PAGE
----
Patient Modesty - page 7

Want to get feedback about how we all handle pt concerns about modesty and/or being naked as part of surgery. Concerns about who sees them and for how long? Why do they need to be naked? When is the... Read More

  1. by   dutch92602
    Quote from core0
    This is standard CME video (continuing medical education). Neither of your links work as listed. If you add .com after the or-live part they do work (hint use the preview post button and check your links before posting).

    Obviously you would not want your husband displayed like this but someone didn't mind. In cases of CME broadcast there will be extensive waivers signed not only by the surgeon and hospital but also by the video production company. These are usually underwritten by the equipment company but are also put on by hospitals to garner referrals for advance techniques. While the cynic in me does not consider this completely innocent from a sales standpoint, as far as any other reason, yes it is innocent.

    David Carpenter, PA-C
    My point was that "elizabells" stated nothing was shown and the patient was fully draped. This is NOT so. Yes, there are many people in this world like Brittany Spears that don't care what they show and to whom. There are many, many more people that don't agree with that and find this over the top. CEU's yes, but all persons can view this that are not in need of CEU's. Did these patients really understand to what extent they would be displayed and handled to be viewed by the world? I wonder.:spin:
  2. by   core0
    Quote from Anxious Patient
    This was elective surgery - an abdominal hysterectomy due to cancer. The hospital was a 950 bed tertiary facility. I only met the surgeon once (referred by my gyn) a week before surgery. The place was so big and busy, I felt about as small (and important) as an ant. This was the first time I was ever in a hospital and I was totally overwhelmed. On the day of surgery, when I discovered the photography reference and tried to cross it out on the consent form and was denied permission to do so, the admissions clerk suggested I make the request verbally to the circulating nurse. So, that's what I did. But I have no idea what happened after that. Of course, I never saw that nurse again.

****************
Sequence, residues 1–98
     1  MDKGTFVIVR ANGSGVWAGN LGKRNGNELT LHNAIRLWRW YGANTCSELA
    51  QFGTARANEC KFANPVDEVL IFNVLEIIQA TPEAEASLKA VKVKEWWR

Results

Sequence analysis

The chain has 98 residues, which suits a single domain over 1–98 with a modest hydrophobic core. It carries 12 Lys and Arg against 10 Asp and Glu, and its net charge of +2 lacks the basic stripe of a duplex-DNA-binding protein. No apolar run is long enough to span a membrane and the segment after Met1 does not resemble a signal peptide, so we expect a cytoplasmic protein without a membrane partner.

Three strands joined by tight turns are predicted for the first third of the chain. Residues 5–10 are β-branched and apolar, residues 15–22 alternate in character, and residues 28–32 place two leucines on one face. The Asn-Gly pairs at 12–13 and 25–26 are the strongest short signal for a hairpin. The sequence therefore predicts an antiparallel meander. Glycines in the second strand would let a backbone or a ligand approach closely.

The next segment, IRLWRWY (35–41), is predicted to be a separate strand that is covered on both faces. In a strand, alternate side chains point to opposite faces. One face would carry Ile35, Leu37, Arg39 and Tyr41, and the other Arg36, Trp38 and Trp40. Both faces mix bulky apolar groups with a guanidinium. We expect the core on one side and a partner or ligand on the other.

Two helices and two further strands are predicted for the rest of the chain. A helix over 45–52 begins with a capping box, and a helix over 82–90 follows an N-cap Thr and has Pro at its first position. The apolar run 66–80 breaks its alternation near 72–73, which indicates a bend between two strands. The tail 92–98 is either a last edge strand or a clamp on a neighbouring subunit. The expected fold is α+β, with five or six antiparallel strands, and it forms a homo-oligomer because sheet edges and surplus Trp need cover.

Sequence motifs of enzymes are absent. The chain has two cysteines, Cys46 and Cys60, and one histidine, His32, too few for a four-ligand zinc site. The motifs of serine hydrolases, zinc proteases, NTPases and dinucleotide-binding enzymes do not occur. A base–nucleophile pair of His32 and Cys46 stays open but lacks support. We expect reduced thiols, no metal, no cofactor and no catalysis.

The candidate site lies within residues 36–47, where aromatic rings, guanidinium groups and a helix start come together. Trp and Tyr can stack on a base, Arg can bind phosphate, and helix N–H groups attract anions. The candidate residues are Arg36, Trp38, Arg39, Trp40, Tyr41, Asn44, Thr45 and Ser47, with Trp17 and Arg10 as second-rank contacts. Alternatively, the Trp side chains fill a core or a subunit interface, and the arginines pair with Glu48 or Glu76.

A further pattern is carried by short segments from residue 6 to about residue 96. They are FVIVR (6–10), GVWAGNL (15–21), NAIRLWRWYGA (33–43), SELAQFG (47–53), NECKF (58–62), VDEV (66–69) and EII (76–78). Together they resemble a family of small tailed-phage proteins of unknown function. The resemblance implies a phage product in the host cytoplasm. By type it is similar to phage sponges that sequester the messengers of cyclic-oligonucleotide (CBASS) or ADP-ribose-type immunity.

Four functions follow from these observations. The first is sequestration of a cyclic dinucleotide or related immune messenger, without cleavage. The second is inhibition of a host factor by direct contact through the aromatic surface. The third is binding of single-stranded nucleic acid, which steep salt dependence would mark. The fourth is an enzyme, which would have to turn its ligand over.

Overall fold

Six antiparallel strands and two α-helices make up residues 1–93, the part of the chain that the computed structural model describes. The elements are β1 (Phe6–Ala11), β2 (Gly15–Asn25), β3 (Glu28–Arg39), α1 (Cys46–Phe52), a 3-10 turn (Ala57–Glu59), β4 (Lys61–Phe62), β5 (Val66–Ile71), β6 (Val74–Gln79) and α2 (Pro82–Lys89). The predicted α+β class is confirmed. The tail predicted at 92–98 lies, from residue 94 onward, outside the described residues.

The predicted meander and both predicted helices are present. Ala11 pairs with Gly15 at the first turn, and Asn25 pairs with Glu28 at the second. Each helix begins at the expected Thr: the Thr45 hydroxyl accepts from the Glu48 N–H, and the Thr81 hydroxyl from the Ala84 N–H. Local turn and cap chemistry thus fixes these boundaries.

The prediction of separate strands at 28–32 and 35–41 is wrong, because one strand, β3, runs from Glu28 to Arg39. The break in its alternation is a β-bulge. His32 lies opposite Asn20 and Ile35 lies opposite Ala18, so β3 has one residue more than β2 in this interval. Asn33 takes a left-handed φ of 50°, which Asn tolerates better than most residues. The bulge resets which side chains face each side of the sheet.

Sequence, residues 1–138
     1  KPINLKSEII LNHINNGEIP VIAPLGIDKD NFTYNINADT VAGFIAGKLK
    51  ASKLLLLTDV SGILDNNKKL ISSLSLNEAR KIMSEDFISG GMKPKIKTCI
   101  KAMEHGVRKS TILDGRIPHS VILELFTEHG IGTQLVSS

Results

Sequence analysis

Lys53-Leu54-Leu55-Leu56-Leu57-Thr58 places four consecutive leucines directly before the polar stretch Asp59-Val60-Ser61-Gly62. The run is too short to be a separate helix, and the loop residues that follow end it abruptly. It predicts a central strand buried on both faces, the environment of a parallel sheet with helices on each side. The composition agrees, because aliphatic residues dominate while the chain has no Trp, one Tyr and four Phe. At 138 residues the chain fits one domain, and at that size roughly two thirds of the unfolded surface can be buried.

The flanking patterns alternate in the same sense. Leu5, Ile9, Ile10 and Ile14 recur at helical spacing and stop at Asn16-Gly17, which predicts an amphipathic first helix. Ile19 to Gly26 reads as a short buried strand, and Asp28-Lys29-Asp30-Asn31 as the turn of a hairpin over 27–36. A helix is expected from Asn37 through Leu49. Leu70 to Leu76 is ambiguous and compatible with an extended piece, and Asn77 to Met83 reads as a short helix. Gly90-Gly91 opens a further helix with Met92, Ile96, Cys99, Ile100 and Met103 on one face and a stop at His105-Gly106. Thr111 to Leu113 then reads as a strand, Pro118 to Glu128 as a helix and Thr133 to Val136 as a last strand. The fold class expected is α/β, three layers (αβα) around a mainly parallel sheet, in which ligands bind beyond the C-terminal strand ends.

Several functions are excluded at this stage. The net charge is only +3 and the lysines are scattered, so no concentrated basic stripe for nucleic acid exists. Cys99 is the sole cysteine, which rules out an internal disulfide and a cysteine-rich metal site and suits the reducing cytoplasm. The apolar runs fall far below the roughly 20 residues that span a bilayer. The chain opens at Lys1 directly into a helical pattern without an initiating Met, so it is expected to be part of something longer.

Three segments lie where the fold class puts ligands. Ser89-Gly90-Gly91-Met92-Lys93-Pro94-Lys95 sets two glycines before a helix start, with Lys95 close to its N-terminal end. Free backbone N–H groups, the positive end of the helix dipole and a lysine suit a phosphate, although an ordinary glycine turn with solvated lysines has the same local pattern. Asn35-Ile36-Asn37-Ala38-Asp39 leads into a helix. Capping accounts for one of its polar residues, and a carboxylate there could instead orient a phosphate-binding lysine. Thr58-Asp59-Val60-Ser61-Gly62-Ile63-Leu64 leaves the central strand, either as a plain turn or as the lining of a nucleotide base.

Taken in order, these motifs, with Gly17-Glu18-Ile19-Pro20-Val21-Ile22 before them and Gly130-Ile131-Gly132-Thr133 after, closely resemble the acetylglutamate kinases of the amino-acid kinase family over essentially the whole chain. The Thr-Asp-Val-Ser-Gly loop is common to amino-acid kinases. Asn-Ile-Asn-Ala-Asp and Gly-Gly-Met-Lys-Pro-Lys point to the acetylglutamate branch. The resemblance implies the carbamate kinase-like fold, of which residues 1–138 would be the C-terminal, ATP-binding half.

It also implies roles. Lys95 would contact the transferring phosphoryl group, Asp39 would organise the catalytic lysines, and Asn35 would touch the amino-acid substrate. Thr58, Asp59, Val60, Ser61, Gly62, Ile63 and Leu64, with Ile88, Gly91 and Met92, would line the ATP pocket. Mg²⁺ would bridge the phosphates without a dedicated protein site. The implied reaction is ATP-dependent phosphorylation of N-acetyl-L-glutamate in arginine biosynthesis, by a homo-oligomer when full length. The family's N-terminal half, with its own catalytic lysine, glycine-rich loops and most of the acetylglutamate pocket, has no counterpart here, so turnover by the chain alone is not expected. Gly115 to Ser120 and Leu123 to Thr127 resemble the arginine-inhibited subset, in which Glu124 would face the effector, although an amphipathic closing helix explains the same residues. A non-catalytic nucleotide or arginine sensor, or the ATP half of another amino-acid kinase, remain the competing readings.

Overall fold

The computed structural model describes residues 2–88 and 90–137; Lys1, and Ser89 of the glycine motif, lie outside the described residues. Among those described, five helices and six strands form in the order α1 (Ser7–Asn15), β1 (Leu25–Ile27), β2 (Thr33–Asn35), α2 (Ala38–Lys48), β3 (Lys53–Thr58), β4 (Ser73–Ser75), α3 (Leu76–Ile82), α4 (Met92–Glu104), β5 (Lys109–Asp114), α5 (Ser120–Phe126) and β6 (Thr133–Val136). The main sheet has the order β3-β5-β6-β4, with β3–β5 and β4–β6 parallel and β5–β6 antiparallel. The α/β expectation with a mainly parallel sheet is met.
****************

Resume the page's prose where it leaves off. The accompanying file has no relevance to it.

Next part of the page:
So, my original question to any of the nurses on this board is:

    If a patient has no choice to make their pre-surgery wishes known except through the cir. nurse.,(i.e. no photography or no med. students practicing pelvic exams) would the nurse be obligated to pass on those wishes to the surgeon? Whether the request would be honored, I suspect would be out of her hands. But, wouldn't she at least let the surgeon know what the patient asked for? Isn't the cir. nurse the patient's advocate in the O.R.?
    Its hard to know what happened without being there. One of the things that you have to realize is that there are usually two consents that you sign in a hospital. One is a consent to treatment. This is basically saying that you allow the the hospital to bill for whatever care you are getting (also known as assignment of benefits). The second is the actual consent for the surgery. I will not say that it never happens but I cannot see any circumstances where the admissions clerk would have you sign it. It violates pretty much every consent of informed consent.

    There is a lot of discussion about the ethics of having someone sign consent on the day of the surgery. Outside of emergency surgery the consent should at least be discussed prior to the surgery. This should be documented. At my institution the transplant patients have informed consent done at least four times prior to surgery and then the form is signed prior to surgery. They have ample opportunities to ask questions and weigh the risks and benefits of the surgery. On non transplant cases the patient has the risks and benefits explained before the surgery. They meet again with one of us for a pre op H&P several days before where the risks and benefits are again explained and then the consent is signed. The surgeon meets the patient again in pre-op for any final questions. At my institution only the physician or their designated representative can sign the consent. They have to be directly answerable to the physician so nursing for example cannot sign the consent (they can witness).

    As far as photos it is a check box that you can initial either yes or no. As far as medical students practicing that is a pretty much a thing of the past (pretty much all schools use medical models to practice on). On the other had prohibiting medical students depends on the institution. At private hospitals with residents, some will allow you to ask for a non-teaching service (where you have no contact with residents). At academic institutions all patients are on the teaching service so you don't have this choice. However, as another poster stated, circulators have a lot of practice keeping an eye on medical students.